Oil prices broke above $72 a barrel on Wednesday after a U.S. government report showed a bigger-than-expected decline in crude inventories.

NYMEX crude rose $1.58 to settle at $72.51 a barrel, adding to Tuesday's gain of $2.07, while ICE Brent rose $1.81 to $71.67.

The gain came after the U.S. Energy Information Administration reported that commercial crude oil inventories dipped last week by 4.7 million barrels, against expectations of a 2.4-million-barrel drop.

The decline, pegged to a slowdown in imports, came alongside builds in gasoline and distillate stocks -- a combination that analysts said could hurt the profitability of U.S. oil refiners.

Overall, we see this week's EIA report as bearish for products but bullish for crude, with refining margins under selling pressure as a result, said Tim Evans, energy analyst at Citi Futures Perspective in New York.

Other commodities and equities also rose strongly Wednesday, inspired by a comment from U.S. Federal Reserve Chairman Ben Bernanke that an economic recovery had begun -- a signal demand for raw materials may rebound.

The U.S. Commerce Department said retail sales climbed 2.7 percent in August after declining 0.2 percent in July. It was the biggest monthly advance since January 2006 and well above expectations on Wall Street for a 2 percent increase.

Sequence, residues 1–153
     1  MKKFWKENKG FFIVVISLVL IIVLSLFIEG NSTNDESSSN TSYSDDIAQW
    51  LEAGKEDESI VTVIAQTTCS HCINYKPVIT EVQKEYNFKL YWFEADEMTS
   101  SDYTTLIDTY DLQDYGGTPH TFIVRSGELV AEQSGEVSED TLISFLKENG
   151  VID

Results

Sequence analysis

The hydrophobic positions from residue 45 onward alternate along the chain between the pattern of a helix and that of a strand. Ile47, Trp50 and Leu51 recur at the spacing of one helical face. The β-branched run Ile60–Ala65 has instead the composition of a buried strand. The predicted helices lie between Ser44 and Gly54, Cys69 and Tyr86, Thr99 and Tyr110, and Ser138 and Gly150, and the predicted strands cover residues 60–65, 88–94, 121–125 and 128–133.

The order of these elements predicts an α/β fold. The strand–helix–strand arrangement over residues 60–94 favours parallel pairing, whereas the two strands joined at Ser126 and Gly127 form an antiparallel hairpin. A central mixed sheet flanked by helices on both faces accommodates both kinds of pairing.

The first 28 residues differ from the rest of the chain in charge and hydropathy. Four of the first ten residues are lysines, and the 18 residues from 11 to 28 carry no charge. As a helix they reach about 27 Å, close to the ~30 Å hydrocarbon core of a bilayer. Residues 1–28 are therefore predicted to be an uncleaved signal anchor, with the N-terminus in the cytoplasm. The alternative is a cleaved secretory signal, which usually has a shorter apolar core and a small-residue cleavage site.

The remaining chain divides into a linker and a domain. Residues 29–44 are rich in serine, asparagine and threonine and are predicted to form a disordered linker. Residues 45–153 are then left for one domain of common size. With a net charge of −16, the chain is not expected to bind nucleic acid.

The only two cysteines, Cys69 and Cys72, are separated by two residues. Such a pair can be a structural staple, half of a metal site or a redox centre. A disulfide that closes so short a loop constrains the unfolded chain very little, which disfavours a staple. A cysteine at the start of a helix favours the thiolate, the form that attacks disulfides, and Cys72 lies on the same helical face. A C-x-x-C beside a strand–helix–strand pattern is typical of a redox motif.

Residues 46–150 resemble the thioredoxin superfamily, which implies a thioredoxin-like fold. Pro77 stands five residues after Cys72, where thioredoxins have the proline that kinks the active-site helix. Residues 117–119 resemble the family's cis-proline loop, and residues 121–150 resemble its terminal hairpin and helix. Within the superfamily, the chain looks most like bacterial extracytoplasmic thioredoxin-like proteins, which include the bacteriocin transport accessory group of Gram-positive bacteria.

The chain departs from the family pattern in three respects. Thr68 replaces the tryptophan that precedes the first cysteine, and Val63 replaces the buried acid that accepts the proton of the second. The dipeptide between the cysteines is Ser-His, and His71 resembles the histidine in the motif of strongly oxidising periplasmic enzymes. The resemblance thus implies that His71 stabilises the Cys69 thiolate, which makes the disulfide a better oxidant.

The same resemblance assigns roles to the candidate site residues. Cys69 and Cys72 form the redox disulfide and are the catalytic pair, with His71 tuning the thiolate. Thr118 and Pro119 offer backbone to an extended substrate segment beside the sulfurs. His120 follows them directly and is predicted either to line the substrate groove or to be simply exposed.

Oil also got a boost from weakness in the U.S. dollar, which hit a one-year low against a basket of currencies as investors turned to riskier assets.

Analysts have said a return of risk appetite is a key reason for recovery in oil price from a low of $32.40 in December -- the weakest in nearly five years -- to the August year-high of $75.

A weaker dollar can also fuel purchases of oil and other dollar-denominated commodities, as they become relatively less expensive to nondollar holding investors.

An OPEC delegate wrote in a Kuwaiti newspaper on Wednesday that the Organization of the Petroleum Exporting Countries might need to cut its oil supply next year to match an expected fall in demand for the group's crude.

(Additional reporting by Chris Baldwin, Barbara Lewis and David Sheppard in London; editing by Jim Marshall)